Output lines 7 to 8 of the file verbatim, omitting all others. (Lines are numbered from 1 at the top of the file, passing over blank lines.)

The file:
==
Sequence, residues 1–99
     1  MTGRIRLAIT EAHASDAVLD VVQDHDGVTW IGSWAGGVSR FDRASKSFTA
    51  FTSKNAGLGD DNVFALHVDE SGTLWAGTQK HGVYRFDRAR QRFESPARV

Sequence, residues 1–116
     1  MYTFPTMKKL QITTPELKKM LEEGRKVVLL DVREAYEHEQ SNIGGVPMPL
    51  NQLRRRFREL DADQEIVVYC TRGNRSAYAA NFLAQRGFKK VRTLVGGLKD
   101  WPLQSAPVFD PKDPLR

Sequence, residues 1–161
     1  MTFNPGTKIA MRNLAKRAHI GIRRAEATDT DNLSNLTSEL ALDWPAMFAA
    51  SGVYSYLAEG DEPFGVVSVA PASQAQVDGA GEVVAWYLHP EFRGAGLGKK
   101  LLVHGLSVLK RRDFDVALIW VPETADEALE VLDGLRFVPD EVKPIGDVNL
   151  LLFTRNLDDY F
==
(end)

   101  WPLQSAPVFD PKDPLR

Sequence, residues 1–161